|Print, based on Hollar's 1644 Long View of London, of the 2nd Globe Theatre.|
|Architect||Peter Street (carpenter)|
|Owned by||Lord Chamberlain's Men|
|Capacity||3,000–seated and standing|
The Globe Theatre was a theatre in London associated with William Shakespeare. The London Borough of Southwark ( is a London borough in south east London, England. London ( ˈlʌndən is the capital and largest urban area in the United Kingdom. The Lord Chamberlain's Men was the Playing company that William Shakespeare worked for as Actor and Playwright for most of his career English Renaissance theatre is English drama written between the Reformation and the closure of the theatres in 1642. A geographic coordinate system enables every location on the Earth to be specified in three coordinates using mainly a spherical coordinate system. Theatre (or theater, see spelling differences) is the branch of the Performing arts defined by Bernard Beckerman as what "occurs when one London ( ˈlʌndən is the capital and largest urban area in the United Kingdom. William Shakespeare ( baptised It was built in 1599 by Shakespeare's playing company, the Lord Chamberlain's Men, and was destroyed by fire on June 29, 1613. In Renaissance London, playing company was the usual term for a company of Actors These companies were organized around a group of ten or so Shareholders The Lord Chamberlain's Men was the Playing company that William Shakespeare worked for as Actor and Playwright for most of his career Events 512 - A Solar eclipse is recorded by a monastic chronicler in Ireland.  A second Globe Theatre was rebuilt on the same site by June 1614 and closed in 1642. 
A modern reconstruction of the Globe, named "Shakespeare's Globe", opened in 1997. Shakespeare's Globe Theatre, which officially opened in 1997 is a reconstruction of The Globe Theatre, an Elizabethan playhouse in the London Borough of Southwark It is approximately 230 metres (750 ft) from the site of the original theatre. The metre or meter is a unit of Length. It is the basic unit of Length in the Metric system and in the International A foot (plural feet or foot; symbol or abbreviation ft or sometimes &prime – the prime symbol) is a non-SI unit 
The Globe was owned by actors who were also shareholders in the Lord Chamberlain's Men. The Lord Chamberlain's Men was the Playing company that William Shakespeare worked for as Actor and Playwright for most of his career Two of the six Globe shareholders, Richard Burbage and his brother Cuthbert Burbage, owned double shares of the whole, or 25% each; the other four men, Shakespeare, John Heminges, Augustine Phillips, and Thomas Pope, owned a single share, or 12. Richard Burbage ( January 7, 1568 &ndash March 13 1619) was an Actor and theatre owner Cuthbert Burbage (1566 &ndash 1636 was an English theatrical figure son of Impresario James Burbage and elder brother of famous actor Richard Burbage William Shakespeare ( baptised John Heminges (sometimes spelled Hemminge or Hemings) (c 1566 - 1630 was an English Renaissance Actor. Augustine Phillips (died May 1605 was an Elizabethan Actor who performed in troupes with Edward Alleyn and William Shakespeare. Thomas Pope (died 1603 was an Elizabethan Actor, a member of the Lord Chamberlain's Men and a colleague of William Shakespeare. 5%. (Originally William Kempe was intended to be the seventh partner, but he sold out his share to the four minority sharers, leaving them with more than the originally planned 10%). See Will Kempe (actor for the contemporary television actor William Kempe (died 1603? also spelled Kemp, was an English These initial proportions changed over time, as new sharers were added. Shakespeare's share diminished from 1/8 to 1/14, or roughly 7%, over the course of his career.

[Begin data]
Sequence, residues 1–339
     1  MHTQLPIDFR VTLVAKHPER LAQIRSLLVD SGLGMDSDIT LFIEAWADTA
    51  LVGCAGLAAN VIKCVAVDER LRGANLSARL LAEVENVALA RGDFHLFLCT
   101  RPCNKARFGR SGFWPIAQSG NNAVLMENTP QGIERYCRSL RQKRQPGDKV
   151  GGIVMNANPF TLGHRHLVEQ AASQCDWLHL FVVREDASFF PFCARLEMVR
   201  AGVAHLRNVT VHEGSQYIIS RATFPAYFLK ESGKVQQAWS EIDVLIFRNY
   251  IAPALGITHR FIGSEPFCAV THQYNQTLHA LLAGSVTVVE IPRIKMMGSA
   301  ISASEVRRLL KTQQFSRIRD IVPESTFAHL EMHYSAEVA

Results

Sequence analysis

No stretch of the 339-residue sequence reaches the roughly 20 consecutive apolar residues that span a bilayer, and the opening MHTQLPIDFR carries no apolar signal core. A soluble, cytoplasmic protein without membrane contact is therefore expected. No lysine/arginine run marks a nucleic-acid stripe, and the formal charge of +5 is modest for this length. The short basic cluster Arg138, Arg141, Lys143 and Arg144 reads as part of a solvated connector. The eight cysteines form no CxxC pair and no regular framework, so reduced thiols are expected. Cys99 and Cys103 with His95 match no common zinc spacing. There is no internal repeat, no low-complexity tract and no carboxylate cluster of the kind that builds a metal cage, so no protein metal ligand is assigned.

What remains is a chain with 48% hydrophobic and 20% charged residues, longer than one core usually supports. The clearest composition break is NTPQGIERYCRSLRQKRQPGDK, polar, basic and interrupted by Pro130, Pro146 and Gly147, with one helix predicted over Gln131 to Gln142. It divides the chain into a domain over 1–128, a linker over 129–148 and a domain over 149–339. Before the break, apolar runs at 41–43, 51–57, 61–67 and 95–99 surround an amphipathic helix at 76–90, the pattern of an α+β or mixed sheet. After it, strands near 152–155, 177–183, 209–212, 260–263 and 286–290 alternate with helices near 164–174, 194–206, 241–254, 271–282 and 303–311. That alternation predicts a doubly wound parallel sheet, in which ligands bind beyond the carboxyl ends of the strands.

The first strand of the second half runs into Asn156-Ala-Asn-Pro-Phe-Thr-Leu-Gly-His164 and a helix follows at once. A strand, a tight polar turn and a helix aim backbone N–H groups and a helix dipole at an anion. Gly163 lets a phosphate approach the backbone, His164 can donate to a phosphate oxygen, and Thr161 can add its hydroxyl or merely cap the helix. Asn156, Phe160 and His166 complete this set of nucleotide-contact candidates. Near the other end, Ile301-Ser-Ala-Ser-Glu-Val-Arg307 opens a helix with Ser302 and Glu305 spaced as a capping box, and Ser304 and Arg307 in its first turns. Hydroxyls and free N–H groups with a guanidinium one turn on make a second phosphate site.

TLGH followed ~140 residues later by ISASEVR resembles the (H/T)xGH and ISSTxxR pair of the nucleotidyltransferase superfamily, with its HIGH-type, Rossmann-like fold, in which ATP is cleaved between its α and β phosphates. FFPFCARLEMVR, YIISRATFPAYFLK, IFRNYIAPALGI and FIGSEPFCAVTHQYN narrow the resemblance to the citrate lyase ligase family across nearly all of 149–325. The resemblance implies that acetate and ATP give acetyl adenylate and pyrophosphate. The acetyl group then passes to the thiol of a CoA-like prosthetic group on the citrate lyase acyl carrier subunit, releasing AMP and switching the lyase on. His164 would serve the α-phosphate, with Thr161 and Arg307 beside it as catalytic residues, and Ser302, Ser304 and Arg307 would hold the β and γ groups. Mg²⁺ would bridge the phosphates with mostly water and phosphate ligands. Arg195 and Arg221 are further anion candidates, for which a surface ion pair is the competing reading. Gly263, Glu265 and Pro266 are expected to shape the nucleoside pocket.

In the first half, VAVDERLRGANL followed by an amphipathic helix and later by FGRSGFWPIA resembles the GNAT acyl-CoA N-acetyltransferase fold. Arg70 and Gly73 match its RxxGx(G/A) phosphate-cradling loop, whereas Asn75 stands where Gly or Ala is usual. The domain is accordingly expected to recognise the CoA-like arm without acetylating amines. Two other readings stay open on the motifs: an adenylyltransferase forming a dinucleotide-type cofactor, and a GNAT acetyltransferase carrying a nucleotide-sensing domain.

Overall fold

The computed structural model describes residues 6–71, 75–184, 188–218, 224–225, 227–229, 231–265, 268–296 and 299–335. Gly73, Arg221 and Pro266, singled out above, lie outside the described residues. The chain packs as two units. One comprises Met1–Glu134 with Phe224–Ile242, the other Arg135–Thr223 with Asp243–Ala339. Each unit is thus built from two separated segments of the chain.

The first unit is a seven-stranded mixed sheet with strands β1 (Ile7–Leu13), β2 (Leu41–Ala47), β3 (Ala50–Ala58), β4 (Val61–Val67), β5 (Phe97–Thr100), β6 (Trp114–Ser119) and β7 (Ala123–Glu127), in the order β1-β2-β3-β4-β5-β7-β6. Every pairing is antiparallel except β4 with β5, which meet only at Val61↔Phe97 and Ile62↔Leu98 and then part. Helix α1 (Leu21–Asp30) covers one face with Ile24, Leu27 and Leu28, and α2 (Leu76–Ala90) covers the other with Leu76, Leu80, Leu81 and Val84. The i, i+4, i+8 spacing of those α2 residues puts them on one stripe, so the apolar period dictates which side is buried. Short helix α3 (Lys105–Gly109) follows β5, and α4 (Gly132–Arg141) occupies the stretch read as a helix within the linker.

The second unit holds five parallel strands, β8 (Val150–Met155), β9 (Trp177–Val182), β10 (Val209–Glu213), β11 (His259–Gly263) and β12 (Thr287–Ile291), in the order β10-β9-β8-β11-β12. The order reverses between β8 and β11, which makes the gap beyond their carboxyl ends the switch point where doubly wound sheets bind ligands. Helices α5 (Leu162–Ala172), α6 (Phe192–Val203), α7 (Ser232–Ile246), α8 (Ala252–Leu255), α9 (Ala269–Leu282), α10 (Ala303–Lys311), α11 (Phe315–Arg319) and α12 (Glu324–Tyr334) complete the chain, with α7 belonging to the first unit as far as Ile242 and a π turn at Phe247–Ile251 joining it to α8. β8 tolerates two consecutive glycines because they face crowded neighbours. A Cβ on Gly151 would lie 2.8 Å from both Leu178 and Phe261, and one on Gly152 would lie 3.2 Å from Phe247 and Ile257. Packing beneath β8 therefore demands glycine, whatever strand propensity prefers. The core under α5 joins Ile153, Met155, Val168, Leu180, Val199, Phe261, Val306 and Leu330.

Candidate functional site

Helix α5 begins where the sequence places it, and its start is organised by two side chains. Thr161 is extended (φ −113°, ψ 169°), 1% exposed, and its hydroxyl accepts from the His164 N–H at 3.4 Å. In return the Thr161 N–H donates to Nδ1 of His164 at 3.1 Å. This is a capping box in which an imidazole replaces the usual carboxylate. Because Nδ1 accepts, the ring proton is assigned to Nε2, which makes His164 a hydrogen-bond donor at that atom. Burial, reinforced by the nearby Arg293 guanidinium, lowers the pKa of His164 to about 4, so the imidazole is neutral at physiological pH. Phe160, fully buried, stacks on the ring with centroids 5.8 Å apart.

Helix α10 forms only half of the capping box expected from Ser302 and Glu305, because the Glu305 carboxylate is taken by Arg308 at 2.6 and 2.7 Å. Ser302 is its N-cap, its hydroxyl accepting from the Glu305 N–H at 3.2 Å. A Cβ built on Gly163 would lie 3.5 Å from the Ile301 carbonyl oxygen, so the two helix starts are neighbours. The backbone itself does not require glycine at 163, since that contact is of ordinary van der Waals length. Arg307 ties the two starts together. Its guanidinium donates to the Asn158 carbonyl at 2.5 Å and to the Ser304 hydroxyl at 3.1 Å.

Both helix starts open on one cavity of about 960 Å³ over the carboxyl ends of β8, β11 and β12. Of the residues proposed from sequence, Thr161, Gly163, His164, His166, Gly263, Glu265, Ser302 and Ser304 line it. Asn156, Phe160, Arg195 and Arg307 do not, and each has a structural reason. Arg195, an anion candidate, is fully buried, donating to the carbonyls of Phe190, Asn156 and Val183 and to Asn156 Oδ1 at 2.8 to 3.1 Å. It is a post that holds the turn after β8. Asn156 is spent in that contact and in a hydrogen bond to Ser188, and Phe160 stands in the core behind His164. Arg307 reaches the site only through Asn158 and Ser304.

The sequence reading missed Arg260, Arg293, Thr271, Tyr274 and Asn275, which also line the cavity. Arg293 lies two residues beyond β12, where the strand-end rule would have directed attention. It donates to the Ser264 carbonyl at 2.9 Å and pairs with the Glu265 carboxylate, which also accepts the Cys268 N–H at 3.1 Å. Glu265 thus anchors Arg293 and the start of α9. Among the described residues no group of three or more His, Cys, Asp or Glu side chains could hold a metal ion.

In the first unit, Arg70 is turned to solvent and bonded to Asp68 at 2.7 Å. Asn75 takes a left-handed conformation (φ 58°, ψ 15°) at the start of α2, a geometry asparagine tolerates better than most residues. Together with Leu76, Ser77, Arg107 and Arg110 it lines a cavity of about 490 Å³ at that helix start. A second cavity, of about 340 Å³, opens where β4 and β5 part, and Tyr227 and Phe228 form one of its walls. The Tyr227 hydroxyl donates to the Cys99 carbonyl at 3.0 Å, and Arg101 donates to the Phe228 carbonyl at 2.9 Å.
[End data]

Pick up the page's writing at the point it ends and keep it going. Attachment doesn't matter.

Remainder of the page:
The Globe was built in 1599 using timber from an earlier theatre, The Theatre, that had been built by Richard Burbage's father, James Burbage, in Shoreditch in 1576. The Theatre was an Elizabethan playhouse located in Shoreditch (in Curtain Road part of the modern London Borough of Hackney) just outside the James Burbage or Burbadge (1531 &ndash 1597 was an English actor theatre Impresario, and theatre builder in the English Renaissance theatre Shoreditch is an area of London within the London Borough of Hackney. The Burbages originally had a 21-year lease of the site on which The Theatre was built but they owned the building outright. See also Leasing, Renting A lease is a Legal document, but can be an oral arrangement which confers a right on one person (called However the landlord, Giles Allen, claimed that the building had become his with the expiry of the lease. On 28 December 1598, while Allen was celebrating Christmas at his country home, carpenter Peter Street, supported by the players and their friends, dismantled The Theatre beam by beam and transported it to Street's waterfront warehouse near Bridewell. Events 1065 - Westminster Abbey is Consecrated. 1308 - The reign of Emperor Hanazono, Emperor of Bridewell Palace, London, originally a residence of Henry VIII, later became a poorhouse and prison With the onset of more favourable weather in the following spring, the material was ferried over the Thames to reconstruct it as The Globe. The Thames ( is a major River flowing through southern England.